Sharing the message

So my last blog-post described my experiences of the March 26 March in London.  You may have gathered that it wasn’t an entirely successful day on my part, and you may have heard others questioning how effective the march was or might be in influencing policy.  Contemplating it all in church on Sunday morning, I got thinking about it all as a big metaphor.  Someone else might say ‘God spoke to me about it’.  I rarely say such things out loud, but if there’s anything deep in here, God probably deserves the credit.

I considered the march as a metaphor for the Church in the UK.  Maybe even internationally, but it was certainly more than just about my local congregation.  The large organised groups of union members felt like the established denominations across the country.  They had their own identities, their own banners and shirts and badges.  They had their own time and place to meet and they weren’t necessarily actively recruiting new members.  Some of them included family groups and people from diverse backgrounds.  Others had a more specific demographic, but they all had enough in common to come together with a common purpose, a shared mission.  Whether this came across to the media or the wider public is less certain.  Many of these groups also spent a lot of time waiting patiently before going anywhere.

Then there were other less formal groups of people who were also part of the protest but less focused on the march – I saw these as less traditional church groups.  Some of these were actively recruiting passers-by to join them.  Some had fancy costumes and instruments – they were perhaps more creative than the average marcher.  Others of these groups were seen as more dangerous, particularly by outsiders.  Perhaps the more extreme end could be considered cults – they certainly had their own separate agendas.

In my faffing about, I didn’t really feel part of any of the groups.  I’d travelled to London on my own and have not made a commitment to join any particular union.  I felt some affinity with the UKUncut group having protested as a student in the past, but no-one actually spoke to me and I didn’t make the effort to introduce myself.  As I drifted around the city I wondered if there was any point to me being there.  This echoes a lot with parts of my faith journey in the past.  I wasn’t sure I really fitted in to various different churches and I didn’t feel welcome in others.  I also questioned the point of it all.

Thinking about the march – from my perspective on the day there were three main problems.  Firstly I didn’t think the message came across that clearly.  The message was that there was an alternative to the cuts, and when I listened afterwards to the speeches given by the union leaders, this did come across.  The trouble was that the media focused so much on the rowdy few that the speeches and motivations of individual marchers weren’t given that much media attention.  I think some of the arguments about the need for a transaction tax (Robin Hood tax) and targeting tax avoidance by large corporations do add up to a sizeable alternative, but I don’t think this was communicated effectively.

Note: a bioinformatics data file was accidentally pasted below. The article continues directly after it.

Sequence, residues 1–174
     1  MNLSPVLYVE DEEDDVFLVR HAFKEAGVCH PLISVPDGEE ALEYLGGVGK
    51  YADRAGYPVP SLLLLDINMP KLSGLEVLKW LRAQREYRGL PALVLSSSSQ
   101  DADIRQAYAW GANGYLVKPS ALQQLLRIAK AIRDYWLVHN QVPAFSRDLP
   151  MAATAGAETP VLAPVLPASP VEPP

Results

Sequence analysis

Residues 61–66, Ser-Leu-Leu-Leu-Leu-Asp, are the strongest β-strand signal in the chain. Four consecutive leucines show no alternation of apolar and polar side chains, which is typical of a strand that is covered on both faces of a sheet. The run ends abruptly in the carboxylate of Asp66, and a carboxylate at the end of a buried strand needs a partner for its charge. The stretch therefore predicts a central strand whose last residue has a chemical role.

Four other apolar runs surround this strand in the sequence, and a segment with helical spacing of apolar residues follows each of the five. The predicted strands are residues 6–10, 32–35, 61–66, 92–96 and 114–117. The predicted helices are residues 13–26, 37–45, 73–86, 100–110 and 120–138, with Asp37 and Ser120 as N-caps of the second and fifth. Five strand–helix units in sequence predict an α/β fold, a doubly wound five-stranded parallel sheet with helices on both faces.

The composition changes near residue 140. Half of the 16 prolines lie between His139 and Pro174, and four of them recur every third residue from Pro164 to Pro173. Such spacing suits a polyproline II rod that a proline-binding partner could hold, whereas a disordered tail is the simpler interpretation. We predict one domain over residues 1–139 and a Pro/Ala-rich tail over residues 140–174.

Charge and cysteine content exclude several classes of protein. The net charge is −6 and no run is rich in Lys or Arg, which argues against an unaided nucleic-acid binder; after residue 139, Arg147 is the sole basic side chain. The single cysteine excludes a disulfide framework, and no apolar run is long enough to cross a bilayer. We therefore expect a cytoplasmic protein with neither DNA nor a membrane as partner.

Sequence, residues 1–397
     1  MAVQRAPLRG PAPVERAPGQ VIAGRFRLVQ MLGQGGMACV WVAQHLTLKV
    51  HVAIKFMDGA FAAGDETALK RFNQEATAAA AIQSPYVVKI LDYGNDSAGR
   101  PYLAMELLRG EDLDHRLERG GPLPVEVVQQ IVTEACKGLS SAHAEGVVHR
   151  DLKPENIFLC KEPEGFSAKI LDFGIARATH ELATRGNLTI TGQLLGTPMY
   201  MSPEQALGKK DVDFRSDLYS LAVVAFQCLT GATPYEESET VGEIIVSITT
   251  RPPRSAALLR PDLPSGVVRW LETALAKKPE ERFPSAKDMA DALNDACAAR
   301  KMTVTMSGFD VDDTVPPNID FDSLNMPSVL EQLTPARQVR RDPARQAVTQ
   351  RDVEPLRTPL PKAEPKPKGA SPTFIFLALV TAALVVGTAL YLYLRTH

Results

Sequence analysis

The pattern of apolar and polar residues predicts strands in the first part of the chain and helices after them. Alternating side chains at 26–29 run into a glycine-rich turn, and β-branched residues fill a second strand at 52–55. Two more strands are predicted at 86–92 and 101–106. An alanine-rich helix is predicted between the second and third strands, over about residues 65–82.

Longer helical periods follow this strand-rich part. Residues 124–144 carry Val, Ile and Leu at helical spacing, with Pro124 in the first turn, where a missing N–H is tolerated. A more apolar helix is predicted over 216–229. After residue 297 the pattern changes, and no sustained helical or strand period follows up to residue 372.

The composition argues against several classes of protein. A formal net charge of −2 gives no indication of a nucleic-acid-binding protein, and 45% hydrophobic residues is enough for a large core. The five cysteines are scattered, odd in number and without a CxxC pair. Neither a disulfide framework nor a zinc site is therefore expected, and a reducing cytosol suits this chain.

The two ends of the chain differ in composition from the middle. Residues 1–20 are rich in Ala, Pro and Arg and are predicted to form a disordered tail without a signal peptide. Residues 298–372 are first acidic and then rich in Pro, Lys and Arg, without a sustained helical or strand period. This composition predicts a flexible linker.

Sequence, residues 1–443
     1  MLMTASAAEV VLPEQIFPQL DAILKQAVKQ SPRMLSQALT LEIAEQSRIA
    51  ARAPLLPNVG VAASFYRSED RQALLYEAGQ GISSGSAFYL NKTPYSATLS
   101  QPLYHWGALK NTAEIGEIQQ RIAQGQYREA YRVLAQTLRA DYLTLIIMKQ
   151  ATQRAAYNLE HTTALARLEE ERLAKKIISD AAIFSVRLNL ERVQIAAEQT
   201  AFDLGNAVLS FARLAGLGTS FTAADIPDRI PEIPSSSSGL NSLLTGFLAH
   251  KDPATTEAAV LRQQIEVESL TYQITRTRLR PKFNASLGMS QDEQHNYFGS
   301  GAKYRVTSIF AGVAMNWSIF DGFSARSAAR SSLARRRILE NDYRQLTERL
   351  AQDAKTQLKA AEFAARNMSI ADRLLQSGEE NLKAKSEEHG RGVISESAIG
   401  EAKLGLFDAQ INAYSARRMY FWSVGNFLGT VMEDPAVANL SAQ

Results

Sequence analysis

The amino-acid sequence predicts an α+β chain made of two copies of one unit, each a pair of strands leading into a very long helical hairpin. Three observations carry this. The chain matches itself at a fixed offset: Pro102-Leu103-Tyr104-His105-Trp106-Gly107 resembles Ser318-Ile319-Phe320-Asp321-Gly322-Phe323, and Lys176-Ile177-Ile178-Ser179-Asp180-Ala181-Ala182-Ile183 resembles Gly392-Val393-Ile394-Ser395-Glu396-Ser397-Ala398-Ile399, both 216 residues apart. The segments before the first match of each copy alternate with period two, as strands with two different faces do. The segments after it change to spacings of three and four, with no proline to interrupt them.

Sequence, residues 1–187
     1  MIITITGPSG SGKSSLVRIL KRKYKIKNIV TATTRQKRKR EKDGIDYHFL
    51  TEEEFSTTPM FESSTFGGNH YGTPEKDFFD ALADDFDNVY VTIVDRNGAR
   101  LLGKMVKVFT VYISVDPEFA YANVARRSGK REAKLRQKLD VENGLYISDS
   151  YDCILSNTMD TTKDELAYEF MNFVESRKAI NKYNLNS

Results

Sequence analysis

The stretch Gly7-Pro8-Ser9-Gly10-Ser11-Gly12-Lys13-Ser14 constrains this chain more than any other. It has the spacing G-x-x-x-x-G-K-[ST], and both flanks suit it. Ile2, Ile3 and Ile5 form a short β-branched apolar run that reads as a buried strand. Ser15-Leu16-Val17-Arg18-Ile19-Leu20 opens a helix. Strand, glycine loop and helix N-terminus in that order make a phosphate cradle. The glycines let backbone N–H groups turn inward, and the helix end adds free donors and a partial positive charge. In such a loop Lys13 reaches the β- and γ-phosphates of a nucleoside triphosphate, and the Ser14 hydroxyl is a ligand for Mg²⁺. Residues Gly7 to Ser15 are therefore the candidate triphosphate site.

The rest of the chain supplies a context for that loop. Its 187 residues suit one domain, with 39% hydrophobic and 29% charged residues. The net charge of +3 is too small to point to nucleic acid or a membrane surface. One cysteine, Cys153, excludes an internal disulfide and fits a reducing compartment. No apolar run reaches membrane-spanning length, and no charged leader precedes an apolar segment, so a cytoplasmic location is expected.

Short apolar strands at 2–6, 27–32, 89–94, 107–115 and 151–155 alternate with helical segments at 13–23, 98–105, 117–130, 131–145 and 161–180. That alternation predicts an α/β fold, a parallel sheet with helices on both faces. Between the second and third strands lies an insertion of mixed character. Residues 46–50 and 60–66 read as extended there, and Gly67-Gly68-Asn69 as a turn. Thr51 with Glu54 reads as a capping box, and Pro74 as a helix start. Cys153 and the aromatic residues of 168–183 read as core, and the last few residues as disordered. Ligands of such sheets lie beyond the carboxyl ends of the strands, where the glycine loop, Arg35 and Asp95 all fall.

Secondly, the march didn’t appear to be going anywhere.  Of course, I know it was, and impressively large numbers of people made it to Hyde Park in the end.  However, when I contemplated joining in with the large union groups, or waiting at the end of a feeder queue with the UKUncut group, it really didn’t look to be moving at all.  I was not prepared to stand and wait patiently as some of the union groups were doing (for over two hours).  Call me lacking in persistence or dedication but I didn’t join a march to stand still.

Thirdly, I didn’t feel welcome.  The clear branding of some of the union groups made it feel like I couldn’t be part of them.  I actually had friends from work at the march but I hadn’t discussed it with them and wasn’t a member of their union anyway.  While I accessed information about UKUncut and their plans on the internet which seemed to invite everyone to come along, no-one approached me when I loitered nearby.  Despite being a fairly confident person, I didn’t take the initiative to talk to someone and ask how I could take part.  I also wasn’t quite sure what I would have been letting myself in for (Fortnum and Masons, kettling and arrest anyone?)

I think these same three issues are challenges for the Church in the UK (and probably beyond).  Do we express our message clearly?  Do we take our shared mission seriously enough to tell people about it in a way that challenges them to respond?  How do we react when rowdy individuals who may hold very different beliefs get all the media attention?  Secondly, are we going somewhere?  Do we appear suitably dynamic and purposeful?  While patient waiting may be required at times, are we inviting passers-by to join an exciting and life-changing journey?  Finally, are we welcoming others who might be interested to join us?  How can we be more accessible and open, approachable and hospitable?  Are we seeking to protect people who might be vulnerable to abuse by cultish groups (or Police, hmm… figures of authority who may abuse their power?)  And what do we do next?

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